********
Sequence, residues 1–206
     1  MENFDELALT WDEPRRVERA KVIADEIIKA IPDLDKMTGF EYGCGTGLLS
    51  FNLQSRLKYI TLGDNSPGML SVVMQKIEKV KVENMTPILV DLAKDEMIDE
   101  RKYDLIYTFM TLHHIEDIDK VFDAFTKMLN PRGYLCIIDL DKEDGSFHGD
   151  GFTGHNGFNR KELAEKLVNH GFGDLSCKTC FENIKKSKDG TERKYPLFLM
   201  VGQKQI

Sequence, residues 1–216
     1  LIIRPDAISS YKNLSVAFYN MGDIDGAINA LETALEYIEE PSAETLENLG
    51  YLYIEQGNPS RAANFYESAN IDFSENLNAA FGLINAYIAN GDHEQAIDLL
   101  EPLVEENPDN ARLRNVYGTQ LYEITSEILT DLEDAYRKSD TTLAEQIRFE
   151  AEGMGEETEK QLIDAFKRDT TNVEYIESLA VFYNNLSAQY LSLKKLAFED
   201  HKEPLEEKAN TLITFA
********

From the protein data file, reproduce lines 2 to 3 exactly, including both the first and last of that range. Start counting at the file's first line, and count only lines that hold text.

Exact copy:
     1  MENFDELALT WDEPRRVERA KVIADEIIKA IPDLDKMTGF EYGCGTGLLS
    51  FNLQSRLKYI TLGDNSPGML SVVMQKIEKV KVENMTPILV DLAKDEMIDE